Forum for Science, Industry and Business

Sponsored by:     3M 
Search our Site:

 

Genes in the interferon system important in SLE

19.01.2005


Two genes with very strong associations with the disease SLE have been identified by a team of scientists headed by researchers at the Department of Medical Sciences at Uppsala University. The findings are being published today on the Web page of the highly prestigious American Journal of Human Genetics.



“These findings are probably the first genetic pieces of a huge ‘interferon puzzle,’ with whose help it will be possible to discover the mechanisms behind the disease SLE, and maybe other autoimmune diseases at the molecular level,” says Professor Lars Rönnblom.

“It is remarkable that by studying only eleven of the some 200 genes that are seen as belonging to the interferon system, we were able to identify two genes with such clear connection to SLE,” says Professor Ann-Christine Syvänen.


A few years ago Lars Rönnblom and Professor Gunnar Alm at the Swedish University of Agricultural Sciences were virtually the only researchers who claimed that the interferon system, which is involved in the body’s defense against viruses, etc., was also behind the autoimmune disease SLE. Since then they have shown the importance of the interferon system in a number of works. This has led to the recognition of their hypothesis in the last year, and today it represents a white-hot field of research that has attracted a great deal of interest in the pharmaceutical industry. This picture has now been further reinforced by new findings­ - the result of multidisciplinary and international collaboration involving world experts on the interferon system, immunology, and the disease SLE, combined with world leaders in the technology for large-scale genetic analyses and statistics. The genetic and statistical analyses were performed by the doctoral student Snaevar Sigurdsson and Professor Ann-Christine Syvänen at the Center for Clinical Medical Research at Uppsala University.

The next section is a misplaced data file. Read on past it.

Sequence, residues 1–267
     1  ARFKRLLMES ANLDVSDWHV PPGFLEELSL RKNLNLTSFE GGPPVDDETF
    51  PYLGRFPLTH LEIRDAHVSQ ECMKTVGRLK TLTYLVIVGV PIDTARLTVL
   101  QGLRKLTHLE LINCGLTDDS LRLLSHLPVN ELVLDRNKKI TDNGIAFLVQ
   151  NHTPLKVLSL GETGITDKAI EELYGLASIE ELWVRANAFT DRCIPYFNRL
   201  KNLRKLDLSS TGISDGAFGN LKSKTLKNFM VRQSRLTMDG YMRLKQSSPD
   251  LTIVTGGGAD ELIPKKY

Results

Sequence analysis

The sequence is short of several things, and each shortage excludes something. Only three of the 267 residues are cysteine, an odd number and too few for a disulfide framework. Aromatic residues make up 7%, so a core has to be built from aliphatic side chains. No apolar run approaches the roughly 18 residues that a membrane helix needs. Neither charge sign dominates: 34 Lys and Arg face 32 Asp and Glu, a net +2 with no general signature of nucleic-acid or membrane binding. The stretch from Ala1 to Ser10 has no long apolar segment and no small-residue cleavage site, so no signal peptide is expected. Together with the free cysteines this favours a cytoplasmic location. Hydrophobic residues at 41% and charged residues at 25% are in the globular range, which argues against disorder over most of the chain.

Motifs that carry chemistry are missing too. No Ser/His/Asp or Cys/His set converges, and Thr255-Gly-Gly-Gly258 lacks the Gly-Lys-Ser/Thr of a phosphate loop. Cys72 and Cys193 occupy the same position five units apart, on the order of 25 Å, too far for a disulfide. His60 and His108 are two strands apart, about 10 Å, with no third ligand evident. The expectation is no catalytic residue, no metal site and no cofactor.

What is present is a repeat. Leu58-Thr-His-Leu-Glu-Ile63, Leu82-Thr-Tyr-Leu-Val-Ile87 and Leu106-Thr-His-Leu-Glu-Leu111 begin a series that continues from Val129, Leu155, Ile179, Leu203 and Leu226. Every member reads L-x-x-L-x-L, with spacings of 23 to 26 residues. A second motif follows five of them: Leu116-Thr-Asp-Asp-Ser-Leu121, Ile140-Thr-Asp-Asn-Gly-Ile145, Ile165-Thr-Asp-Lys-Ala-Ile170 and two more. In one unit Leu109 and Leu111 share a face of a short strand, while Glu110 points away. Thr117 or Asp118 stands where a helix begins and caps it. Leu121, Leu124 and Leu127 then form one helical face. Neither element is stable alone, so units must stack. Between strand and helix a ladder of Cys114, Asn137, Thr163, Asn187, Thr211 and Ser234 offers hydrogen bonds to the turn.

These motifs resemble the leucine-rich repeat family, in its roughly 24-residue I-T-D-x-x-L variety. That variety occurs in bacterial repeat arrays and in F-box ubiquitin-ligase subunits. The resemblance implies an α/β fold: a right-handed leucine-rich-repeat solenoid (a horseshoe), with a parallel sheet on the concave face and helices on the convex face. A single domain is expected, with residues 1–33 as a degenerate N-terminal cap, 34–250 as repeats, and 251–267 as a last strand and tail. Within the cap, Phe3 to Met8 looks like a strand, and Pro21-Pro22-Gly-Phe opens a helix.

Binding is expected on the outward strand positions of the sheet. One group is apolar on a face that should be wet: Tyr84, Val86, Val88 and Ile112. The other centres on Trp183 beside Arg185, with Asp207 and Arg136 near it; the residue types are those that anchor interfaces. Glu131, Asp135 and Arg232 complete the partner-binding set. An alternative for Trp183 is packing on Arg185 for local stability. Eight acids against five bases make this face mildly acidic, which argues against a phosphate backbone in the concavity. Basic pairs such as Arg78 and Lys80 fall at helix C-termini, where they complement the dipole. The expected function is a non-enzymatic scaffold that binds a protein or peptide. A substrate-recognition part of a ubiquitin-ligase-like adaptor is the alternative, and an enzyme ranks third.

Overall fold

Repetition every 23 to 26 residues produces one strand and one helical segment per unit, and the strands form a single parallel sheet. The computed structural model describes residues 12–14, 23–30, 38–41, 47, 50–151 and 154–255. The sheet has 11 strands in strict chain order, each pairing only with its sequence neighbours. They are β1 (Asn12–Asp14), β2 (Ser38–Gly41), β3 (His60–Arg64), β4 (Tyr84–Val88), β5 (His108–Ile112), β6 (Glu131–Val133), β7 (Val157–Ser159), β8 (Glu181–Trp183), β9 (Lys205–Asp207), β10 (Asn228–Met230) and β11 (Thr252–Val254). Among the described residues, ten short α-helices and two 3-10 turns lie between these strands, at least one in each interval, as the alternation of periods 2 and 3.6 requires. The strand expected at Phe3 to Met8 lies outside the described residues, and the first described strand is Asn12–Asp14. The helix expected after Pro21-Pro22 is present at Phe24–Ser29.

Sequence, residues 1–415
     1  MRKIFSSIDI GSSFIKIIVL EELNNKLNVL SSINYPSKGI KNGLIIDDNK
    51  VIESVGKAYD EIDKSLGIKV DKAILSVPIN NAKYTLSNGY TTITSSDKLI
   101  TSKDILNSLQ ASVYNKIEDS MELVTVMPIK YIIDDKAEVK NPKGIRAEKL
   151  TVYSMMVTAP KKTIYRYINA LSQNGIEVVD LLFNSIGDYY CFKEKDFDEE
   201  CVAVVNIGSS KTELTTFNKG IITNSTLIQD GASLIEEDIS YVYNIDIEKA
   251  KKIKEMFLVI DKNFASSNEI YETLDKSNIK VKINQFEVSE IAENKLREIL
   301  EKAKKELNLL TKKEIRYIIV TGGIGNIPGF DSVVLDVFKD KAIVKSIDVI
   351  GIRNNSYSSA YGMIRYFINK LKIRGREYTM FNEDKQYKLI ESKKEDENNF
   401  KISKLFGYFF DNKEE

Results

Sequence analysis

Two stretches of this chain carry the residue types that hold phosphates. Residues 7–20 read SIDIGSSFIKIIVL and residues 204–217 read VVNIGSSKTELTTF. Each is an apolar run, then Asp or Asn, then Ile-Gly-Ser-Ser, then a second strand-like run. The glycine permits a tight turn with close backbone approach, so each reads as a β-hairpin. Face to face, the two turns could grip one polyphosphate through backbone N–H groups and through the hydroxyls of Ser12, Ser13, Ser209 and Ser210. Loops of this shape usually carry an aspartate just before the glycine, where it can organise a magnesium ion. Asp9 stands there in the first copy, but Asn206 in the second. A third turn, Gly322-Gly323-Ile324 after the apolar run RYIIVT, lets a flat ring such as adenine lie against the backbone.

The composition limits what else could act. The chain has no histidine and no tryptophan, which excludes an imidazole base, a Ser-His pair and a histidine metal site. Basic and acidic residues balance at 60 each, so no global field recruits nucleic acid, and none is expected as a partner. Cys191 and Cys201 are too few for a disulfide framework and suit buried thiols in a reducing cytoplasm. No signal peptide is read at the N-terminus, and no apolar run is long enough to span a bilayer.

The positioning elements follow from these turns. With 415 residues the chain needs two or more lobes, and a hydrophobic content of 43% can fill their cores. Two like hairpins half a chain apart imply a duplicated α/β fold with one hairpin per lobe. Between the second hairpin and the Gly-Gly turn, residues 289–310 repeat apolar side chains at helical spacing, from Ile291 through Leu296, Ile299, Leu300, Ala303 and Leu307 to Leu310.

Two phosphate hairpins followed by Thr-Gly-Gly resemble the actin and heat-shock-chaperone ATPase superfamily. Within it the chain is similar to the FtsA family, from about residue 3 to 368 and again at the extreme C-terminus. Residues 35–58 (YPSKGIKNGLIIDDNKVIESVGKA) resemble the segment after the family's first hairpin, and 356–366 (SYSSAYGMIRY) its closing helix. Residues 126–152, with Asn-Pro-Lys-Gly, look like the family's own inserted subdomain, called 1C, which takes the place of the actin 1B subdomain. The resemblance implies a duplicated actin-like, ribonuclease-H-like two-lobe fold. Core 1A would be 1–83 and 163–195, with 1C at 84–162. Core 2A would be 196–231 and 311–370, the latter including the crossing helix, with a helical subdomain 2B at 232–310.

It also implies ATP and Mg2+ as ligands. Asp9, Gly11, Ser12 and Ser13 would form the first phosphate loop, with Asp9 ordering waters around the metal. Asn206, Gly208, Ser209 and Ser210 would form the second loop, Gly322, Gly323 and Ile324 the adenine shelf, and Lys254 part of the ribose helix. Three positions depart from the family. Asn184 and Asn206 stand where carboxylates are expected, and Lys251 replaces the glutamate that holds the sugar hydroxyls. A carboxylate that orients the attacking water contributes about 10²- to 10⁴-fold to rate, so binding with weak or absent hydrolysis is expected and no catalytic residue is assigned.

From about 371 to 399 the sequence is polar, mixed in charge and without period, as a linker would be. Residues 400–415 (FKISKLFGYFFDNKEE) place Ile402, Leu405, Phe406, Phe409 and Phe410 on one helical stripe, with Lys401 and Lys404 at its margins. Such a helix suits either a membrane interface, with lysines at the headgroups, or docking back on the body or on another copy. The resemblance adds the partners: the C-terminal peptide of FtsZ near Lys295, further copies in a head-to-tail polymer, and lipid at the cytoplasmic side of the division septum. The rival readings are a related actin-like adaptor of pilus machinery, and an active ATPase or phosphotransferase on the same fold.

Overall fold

The study, comprising nearly 2,000 individuals, shows that two genes in the interferon system are very strongly associated with the disease SLE. One of the genes codes for a so-called thyrosinkinase enzyme, whose function is to convey signals from interferon outside the cells to the cell nucleus.

“We found that genetic variants of thyrosinkase protect against SLE. It probably has an inhibited function that blocks the interferon effect. It is therefore possible to imagine the development of methods of treatment for SLE based on blocking the function of the thyrosinkinase enzyme,” explains Lars Rönnblom.

The other gene codes for a transcription factor, which also plays an important role in regulating the interferon effect. Further functional analyses will be necessary to map the molecular mechanisms in detail.

Besides the Rheumatology Clinic at Uppsala Akademiska Hospital, hospitals in Umeå and Lund, in Sweden, and several hospitals in Finland as well as one hospital in Reykjavik provided the project with DNA samples and diagnostic information from SLE patients.

Anneli Waara | alfa
Further information:
http://www.uu.se
http://www.journals.uchicago.edu/AJHG/journal/issues/v76n3/41895/brief/41895.abstract.html

More articles from Life Sciences:

nachricht Researchers identify potentially druggable mutant p53 proteins that promote cancer growth
09.12.2016 | Cold Spring Harbor Laboratory

nachricht Plant-based substance boosts eyelash growth
09.12.2016 | Fraunhofer-Institut für Angewandte Polymerforschung IAP